Ja'Shon Tyson

  • B.S. in Civil Engineering

ja'shon tyson headshot

What inspired you to pursue a STEM-based degree? How did you discover your interest in the field?

What inspired me to pursue a STEM-based degree was that I felt I could make a positive change in the world. I discovered my interest in the field when I started playing with Legos, eventually creating structures and entire cities without any plans/guides.


Who within STEM serves as an inspiration for you?

Individuals in STEM that inspire me are Guion Bluford Jr., Neil deGrasse Tyson, and Ben Carson.


How would you describe your experiences as a Black and/or Latino student at the School of Engineering?

I would describe my experiences as challenging, and revealing. At times, I feel underrepresented, but I realized that with a little bit more confidence, I can achieve grades that initially seemed near impossible.  


What courses were challenging for you? How did those courses better prepare you for what’s ahead?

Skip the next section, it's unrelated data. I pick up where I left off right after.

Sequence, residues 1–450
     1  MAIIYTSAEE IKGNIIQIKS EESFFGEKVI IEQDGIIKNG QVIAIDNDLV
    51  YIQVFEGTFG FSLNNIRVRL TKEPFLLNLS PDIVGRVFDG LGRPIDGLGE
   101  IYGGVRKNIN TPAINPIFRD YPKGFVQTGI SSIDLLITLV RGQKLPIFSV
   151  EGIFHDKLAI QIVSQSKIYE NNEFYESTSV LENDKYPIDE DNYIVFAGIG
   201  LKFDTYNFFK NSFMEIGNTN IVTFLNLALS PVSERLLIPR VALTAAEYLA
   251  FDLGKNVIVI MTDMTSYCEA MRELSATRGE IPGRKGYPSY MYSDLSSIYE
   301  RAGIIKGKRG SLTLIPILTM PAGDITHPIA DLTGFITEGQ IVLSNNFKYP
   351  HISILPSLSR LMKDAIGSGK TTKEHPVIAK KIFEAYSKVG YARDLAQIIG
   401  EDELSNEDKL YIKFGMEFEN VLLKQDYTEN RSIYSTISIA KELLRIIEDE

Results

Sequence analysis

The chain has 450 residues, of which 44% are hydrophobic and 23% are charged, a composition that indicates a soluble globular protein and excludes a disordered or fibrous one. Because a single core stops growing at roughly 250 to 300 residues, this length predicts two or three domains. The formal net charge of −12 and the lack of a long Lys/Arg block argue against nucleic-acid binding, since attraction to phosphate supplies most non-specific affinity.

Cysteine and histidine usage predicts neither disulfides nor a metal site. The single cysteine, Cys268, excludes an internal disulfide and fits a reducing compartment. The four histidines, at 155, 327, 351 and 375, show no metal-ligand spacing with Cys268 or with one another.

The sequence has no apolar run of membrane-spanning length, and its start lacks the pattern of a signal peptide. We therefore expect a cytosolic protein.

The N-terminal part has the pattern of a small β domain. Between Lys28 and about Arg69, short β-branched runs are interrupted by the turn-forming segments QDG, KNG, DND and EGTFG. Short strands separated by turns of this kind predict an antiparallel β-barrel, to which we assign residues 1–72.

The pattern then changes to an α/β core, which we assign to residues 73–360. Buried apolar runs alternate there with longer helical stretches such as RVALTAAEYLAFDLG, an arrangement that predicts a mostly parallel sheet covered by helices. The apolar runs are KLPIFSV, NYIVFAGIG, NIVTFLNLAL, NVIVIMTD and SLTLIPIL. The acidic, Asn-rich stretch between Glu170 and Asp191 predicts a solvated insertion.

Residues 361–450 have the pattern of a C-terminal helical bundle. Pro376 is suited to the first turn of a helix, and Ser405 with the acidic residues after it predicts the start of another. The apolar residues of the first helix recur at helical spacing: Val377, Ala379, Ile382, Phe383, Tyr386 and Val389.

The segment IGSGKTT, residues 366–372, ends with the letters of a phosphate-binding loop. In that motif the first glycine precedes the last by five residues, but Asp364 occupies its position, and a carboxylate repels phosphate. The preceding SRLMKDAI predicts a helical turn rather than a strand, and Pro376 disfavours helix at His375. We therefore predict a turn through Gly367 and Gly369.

Courses that were challenging for me were Matlab, Physics II, and Statics. These classes, especially the latter two, served as foundation blocks for future courses. In classes like these, it is important to learn the material and get a decent grade; it will make life easier in the future. 


What are your research/professional career goals?

After I graduate, I plan to work in the field as a Construction Manager/ Project Manager. After obtaining my PE, my goal is to manage my own engineering firm.


As an underrepresented minority student, is there something that you recognize more now that you didn’t think of before attending Tandon?

I now recognize the importance of having more minorities in STEM fields. It is important that we lay the foundation so that the next generation of minorities can have a stronger voice at the table.


How important is it for incoming minority students to utilize their resources (i.e. professors, counselors, advisors, tutors, etc.)?

It is extremely important for minority students to utilize resources, and reach out for help if you’re struggling. College, particularly engineering subjects, are demanding, and with that pressure, along with the expectation from your family to perform well, it can all be overwhelming. There are tons of resources out there to guide you along your academic journey, and my advice would be to utilize them from the start. 


What advice would you offer to Black and Latino men who are interested in the STEM field?

I would offer the following advice to Black and Latino men interested in STEM: 1) identify a figure, famous or personal, who you admire, 2) reach out and find programs that can help you further explore the field, and 3) believe in yourself despite what people may tell you.